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[Xmca-l] Re: Political constructions of selfvspoliticalconstructionsof identity
- To: Lplarry <firstname.lastname@example.org>, "eXtended Mind, Culture, Activity" <email@example.com>
- Subject: [Xmca-l] Re: Political constructions of selfvspoliticalconstructionsof identity
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- Date: Mon, 1 Aug 2016 17:11:01 +0000
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- Thread-topic: [Xmca-l] Re: Political constructions of selfvspoliticalconstructionsof identity
Larry, my questions are straightforward, as I stated them, but I'll just reiterate that I was asking is what is Rein's definition of change? How is changed detected? And from who's point of view?
In the end, there must be something stationary in order to gauge change. Whether in time or in space. Otherwise no change can be detected.
Now Chris brings up an interesting extra to this that there is the reality "out there" changing, and then our perception of it (which can also change). But I think the definition still holds that even if the world is illusory, and our perception changes too, there are laws still in play, whether we understand those laws or not.
For a law to adhere it must hold for all cases, or, in homage to Einstein, in those cases relative to it (which would be marked exceptions). I consider a law as a stationary point.
It's not pure chaos out there. When I wake up I wake up in the same body, even though there is a cellular distinction from my body of 7 years ago. I don't wake up as someone else or with an extra limb I didn't have yesterday. Now someone could ask, "Well how do you really know that?" And I would say, "Well, how can you ask the question?"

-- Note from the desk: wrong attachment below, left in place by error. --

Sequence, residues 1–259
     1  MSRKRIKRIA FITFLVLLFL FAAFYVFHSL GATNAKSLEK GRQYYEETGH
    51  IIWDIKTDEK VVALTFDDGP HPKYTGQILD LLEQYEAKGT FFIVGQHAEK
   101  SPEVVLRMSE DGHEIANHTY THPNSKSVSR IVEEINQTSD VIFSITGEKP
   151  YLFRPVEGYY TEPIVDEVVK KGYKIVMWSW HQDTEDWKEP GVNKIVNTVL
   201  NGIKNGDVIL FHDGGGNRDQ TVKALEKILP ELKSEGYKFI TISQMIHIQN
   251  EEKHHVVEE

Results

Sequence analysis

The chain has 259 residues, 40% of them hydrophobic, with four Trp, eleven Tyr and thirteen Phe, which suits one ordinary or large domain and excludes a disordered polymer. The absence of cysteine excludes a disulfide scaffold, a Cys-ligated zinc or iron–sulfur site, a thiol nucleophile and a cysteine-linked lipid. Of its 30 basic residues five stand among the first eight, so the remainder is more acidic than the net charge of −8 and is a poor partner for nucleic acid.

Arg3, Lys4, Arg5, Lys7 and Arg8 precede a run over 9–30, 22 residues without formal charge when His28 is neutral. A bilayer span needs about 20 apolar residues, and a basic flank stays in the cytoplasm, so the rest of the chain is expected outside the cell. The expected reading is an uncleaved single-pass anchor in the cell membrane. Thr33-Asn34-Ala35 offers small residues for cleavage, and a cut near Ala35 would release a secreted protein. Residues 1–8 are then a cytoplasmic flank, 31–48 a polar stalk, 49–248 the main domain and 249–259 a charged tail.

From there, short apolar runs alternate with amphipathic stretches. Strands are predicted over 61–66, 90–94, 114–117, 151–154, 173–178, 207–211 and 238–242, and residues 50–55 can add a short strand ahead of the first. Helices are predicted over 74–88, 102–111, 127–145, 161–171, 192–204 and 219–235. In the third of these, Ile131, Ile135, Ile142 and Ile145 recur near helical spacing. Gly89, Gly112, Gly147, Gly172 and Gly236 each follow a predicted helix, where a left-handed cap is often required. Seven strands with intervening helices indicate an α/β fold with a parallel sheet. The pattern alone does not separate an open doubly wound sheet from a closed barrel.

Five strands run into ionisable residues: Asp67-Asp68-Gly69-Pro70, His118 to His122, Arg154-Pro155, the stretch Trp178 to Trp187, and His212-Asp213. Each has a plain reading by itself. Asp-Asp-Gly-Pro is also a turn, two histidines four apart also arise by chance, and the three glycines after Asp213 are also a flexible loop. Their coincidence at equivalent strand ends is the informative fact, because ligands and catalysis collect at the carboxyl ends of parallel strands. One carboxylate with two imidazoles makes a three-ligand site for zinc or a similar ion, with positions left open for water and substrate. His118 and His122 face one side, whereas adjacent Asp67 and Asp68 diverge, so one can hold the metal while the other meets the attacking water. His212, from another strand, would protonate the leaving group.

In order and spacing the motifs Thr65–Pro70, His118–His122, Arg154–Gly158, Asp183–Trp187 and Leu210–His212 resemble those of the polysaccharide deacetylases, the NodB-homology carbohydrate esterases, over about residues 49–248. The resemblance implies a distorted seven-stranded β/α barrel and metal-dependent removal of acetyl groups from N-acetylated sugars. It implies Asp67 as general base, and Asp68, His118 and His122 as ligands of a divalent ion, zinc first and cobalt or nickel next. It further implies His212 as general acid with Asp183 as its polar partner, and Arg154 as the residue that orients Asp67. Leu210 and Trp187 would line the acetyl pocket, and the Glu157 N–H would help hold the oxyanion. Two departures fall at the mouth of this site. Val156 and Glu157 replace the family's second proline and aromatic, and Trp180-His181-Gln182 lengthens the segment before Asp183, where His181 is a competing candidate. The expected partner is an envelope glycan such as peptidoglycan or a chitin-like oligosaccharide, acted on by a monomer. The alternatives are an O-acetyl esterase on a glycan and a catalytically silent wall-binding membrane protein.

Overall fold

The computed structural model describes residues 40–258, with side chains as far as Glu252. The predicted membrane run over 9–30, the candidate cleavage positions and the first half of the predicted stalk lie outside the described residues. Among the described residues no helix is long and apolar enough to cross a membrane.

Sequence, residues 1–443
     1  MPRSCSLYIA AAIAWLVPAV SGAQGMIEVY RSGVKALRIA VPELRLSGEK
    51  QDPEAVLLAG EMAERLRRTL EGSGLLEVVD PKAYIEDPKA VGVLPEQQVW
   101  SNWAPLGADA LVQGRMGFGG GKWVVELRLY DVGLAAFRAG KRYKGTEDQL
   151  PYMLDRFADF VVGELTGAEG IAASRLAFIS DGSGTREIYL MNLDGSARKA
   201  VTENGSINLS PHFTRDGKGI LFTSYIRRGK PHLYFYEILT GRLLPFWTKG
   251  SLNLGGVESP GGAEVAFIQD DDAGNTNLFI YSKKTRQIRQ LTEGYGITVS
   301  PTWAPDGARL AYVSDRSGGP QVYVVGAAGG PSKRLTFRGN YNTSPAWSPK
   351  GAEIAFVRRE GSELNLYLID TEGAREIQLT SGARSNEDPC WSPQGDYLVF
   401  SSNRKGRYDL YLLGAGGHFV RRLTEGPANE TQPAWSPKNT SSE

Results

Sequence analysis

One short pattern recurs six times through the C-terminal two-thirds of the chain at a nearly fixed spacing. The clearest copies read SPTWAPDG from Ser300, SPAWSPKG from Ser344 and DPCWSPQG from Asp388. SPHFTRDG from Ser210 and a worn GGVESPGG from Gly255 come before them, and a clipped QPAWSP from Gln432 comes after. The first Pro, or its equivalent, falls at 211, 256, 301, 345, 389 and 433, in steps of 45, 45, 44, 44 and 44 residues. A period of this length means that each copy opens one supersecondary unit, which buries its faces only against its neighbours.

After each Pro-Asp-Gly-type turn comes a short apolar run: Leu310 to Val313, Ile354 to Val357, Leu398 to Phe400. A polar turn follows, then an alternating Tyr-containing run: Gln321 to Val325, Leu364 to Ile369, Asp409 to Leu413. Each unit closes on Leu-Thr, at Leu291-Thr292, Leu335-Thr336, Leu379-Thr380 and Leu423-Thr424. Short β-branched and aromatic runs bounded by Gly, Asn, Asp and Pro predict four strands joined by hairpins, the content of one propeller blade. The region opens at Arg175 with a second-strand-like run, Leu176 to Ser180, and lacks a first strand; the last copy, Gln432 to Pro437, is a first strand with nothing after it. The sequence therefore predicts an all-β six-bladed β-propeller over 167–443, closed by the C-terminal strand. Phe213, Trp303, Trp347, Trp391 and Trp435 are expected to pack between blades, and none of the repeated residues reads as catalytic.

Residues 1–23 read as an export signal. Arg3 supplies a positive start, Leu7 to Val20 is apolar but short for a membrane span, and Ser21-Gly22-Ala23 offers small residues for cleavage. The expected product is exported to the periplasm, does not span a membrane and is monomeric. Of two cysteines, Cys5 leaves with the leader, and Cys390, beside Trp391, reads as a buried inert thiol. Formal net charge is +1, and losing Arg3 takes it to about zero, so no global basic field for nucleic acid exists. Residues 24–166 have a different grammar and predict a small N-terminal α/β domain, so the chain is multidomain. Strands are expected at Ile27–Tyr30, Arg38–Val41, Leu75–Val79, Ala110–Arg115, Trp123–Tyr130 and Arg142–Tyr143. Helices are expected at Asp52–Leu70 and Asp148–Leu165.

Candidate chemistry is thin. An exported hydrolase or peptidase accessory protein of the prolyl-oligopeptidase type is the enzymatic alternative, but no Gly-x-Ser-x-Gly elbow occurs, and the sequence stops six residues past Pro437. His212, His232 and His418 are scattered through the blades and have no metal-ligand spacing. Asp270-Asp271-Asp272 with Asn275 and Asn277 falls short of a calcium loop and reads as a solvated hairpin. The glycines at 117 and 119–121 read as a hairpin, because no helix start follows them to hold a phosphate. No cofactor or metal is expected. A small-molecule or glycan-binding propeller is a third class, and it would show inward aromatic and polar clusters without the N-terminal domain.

Something has to be stationary for change to happen. Even if change happens faster or slower, the point I'm attempting to make is that there must be a stationary point regardless.
Something must be (stationary), before it can change or before change can be detected.
I would say existence is the "center." I think Buddhists contest that, which is fine. I know that that is how they see it, that nothing exists. As in no thing.
And in some ways they are right if you are talking about the apparent world and the thingness that makes a thing a thing. But everything that is here has is-ness, not thing-ness. Otherwise it is not. Which means the thing-ness that isn't thing-ness isn't present in time and space. It doesn't present itself, whatever it is.
How does one detect change of something (anything) that is not in time and space?
First, I'd say whatever this non-thing is, can't change, because only things in time and in space change. On earth as we humans perceive it, change appears to be dependent upon time and space. But then thanks to Einstein, now we know that even time and space change. Which means that the change of time and space must be dependent upon some other stationary "point" as-if outside of time and space. I say as-if because we are dealing with a container metaphor, but this metaphor doesn't work when trying to conceive something outside of time and space. Be we can use it because we are human and this is how we reason about things, using time and space as reference points.
Anyway, whatever that "point" is, it would have to be pretty expansive and eternal in all directions, in all time. It would have to be big to cover all of space and time. But because it would be outside of space and time, it would also have to be formless and changeless.
Take away form (space) and change (time) and all that is left is existence. Which is.
Right here right now. :)
P.S. I see that Rein post just now, so this is not in reply to that post of his.